February 19, 2016

Figure drawing class Feb 18/2016

Hi all, I've been hiding away in my studio when I can and I'm not working one of 5 jobs or teaching. When it rains.... as they say. In the in-between time I've been working on something new in the studio which you may have seen in the background on my Episode 5 - Youtube channel video.

You can watch that here: http://www.youtube.com/watch?v=Qwx8IOFGx3o

 I have my french Arches paper taped to a drawing board. I begin blocking in the dark values and background tone focusing on simplified shapes and trying my best not to get distracted and focused on favorite areas of interest until I have material down over the entire surface.
As I progress I leave some areas more sketchy, these areas are often like gems so I like to keep them for as long as I can.
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Back to school.

I'm instructing a figure drawing course at the Alberta College of Art and Design one evening per week.  We are already on class three, but because there is a model in the room I am hesitant to take photographs out of respect for the model. I took these after the model left the room, when on break or at the end of class to give you an idea what the work looks like on class 3 when we focused on creating values on toned drawing paper.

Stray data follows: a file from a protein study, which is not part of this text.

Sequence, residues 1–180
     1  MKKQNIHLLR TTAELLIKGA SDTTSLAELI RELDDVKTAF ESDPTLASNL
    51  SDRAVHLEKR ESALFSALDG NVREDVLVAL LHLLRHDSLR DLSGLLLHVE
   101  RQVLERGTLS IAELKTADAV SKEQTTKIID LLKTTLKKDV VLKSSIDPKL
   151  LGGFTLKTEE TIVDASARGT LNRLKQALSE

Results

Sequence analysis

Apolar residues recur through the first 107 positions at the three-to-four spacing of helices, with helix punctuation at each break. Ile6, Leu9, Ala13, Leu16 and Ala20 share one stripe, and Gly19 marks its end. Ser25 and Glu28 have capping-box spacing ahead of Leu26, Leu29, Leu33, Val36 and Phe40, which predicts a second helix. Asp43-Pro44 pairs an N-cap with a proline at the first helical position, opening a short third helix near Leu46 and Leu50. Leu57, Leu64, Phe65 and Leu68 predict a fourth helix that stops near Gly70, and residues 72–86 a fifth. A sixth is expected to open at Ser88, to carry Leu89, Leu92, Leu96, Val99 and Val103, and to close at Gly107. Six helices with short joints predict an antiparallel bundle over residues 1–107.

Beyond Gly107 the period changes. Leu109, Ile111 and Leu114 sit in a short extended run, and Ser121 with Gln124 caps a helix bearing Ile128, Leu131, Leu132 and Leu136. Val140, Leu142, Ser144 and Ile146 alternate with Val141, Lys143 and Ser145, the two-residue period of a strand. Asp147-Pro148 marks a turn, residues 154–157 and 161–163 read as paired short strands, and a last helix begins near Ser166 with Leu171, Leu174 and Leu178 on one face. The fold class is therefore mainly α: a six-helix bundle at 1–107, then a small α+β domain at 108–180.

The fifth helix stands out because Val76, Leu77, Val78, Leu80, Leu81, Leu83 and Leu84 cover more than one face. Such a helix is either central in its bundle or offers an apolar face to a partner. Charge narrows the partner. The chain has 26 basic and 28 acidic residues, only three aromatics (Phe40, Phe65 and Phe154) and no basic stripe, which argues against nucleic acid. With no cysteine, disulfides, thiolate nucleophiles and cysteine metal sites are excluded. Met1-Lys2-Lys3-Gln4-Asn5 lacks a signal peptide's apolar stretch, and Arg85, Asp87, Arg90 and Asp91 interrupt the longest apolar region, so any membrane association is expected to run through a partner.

It is awfully bright in the classroom but you need to see your paper when you are drawing. The best tool the artist has is to squint to simplify the shapes and values.
I loaned a student one of my figure drawing reference books, this picture is to remind me who has what.
When the lights are turned back on the pieces do look quite different and you get a sense of the depth and breadth of the values in the pieces.
Some quick poses on the neutral concrete classroom floor.
The lights and darks by adding more material to the paper or by erasing out help to create the illusion of form on a 2D surface.

My favorite part of this drawing is the foot that just gives us a sense of detail of what is there. Our eye only focuses on one area at a time so this helps bring the attention back up to what the artist wants you to look at the head area.
The students discovered the push and pull of darks and lights in the final long pose of the session and the work turned out great.





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